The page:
the pendulum has swung back to graphics
I’ve realized recently that Scourge’s client has many layers, and jotting down a list of those layers helps maintain my perspective of the work yet to do. Distinguishing layers is an easy activity – if System A connects to System B, and A can invalidate B, but B cannot invalidate A, then A is a layer above B. That’s helped me identify the following layers, each of which has its own problem space:
- Server connection – are we online? (HTTP/UDP comms)
- Session – are we authenticated and up to date? (user object)
- Battle – who are we fighting and what actions can we take? (the ROPES)
- UI Narrative – what action/data is the player considering? (narrative tree nodes)
- View – What does each button and view component look like? (view objects)
- Renderer – What does each particle look like? (glyph objects, model arrays)
- Graphics – What does each pixel look like? (GPU buffers, write-only)
And that’s only the stuff that’s going into the demo! I left out the AI stuff from this list, because like the state of the human player, it interacts with this layer cake at some level. It’s just a higher level than the one human beings interact with.
Anyway, while I’ve spent a lot of time focusing on the Session and Battle layers in the past, for this post I will focus on the Renderer and Graphics layers, which I’ve been working on for the past three months. They’re only a piece of the puzzle, and currently the Graphics layer is dependent on Flash and Stage3D, but that’s a small price to pay for the ability to work this stuff out while I wait for Haxe 3, H3D and NME’s OpenGL features to stabilize. (As I’ve previously mentioned, Scourge should be able to target every platform that one can target through NME, which is quite a lot. The graphics pipeline just needs to mature a little. I will color your pixels!)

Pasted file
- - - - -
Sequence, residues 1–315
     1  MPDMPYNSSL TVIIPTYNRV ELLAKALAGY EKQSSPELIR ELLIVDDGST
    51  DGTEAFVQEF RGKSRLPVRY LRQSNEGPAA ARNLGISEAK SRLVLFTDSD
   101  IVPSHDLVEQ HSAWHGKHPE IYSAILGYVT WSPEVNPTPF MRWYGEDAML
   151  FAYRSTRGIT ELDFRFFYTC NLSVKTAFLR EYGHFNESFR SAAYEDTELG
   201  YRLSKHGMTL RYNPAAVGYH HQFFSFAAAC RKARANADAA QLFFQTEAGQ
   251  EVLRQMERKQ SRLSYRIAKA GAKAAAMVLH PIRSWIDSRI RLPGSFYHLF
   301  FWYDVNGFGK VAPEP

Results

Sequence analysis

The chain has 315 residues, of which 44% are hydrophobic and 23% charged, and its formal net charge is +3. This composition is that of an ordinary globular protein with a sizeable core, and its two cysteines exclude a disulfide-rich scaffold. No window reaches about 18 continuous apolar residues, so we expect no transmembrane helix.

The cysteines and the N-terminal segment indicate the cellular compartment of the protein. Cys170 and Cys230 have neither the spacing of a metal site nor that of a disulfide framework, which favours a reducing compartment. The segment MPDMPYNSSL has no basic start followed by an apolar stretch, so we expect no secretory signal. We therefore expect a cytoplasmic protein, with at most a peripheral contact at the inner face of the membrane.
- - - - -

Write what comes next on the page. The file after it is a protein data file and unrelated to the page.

Dicing the “GLobject”
Understandably, all OpenGL-ish APIs that I’m targeting have commonalities. One of them is that the API is centered around an object called a context, which has tons of low-level functionality. In programmer’s lingo, it’s an extreme example of the God Object anti-pattern– piling unrelated functions onto one object. There are good reasons for doing this in OpenGL’s case (I get the sense that there’s one context per GPU core or something), but it makes working with these contexts kind of awkward.
See, engines that use APIs like OpenGL are intended to expose higher level functionality to their users, such as subdivision surfaces, bones and lights. These objects have an internal state that the renderer uploads to the GPU. Often this internal state consists of types that can only be created using methods on the GL context. Because the state is internal, you’ll have to pass the context to the initializer of each of these objects so they can compose themselves! And remember, that context contains all kinds of methods on it.